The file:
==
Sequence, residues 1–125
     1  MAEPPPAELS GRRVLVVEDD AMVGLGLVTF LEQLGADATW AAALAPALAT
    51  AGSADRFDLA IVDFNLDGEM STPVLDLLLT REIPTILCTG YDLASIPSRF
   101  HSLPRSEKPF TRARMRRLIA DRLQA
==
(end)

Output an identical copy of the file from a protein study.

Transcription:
Sequence, residues 1–125
     1  MAEPPPAELS GRRVLVVEDD AMVGLGLVTF LEQLGADATW AAALAPALAT
    51  AGSADRFDLA IVDFNLDGEM STPVLDLLLT REIPTILCTG YDLASIPSRF
   101  HSLPRSEKPF TRARMRRLIA DRLQA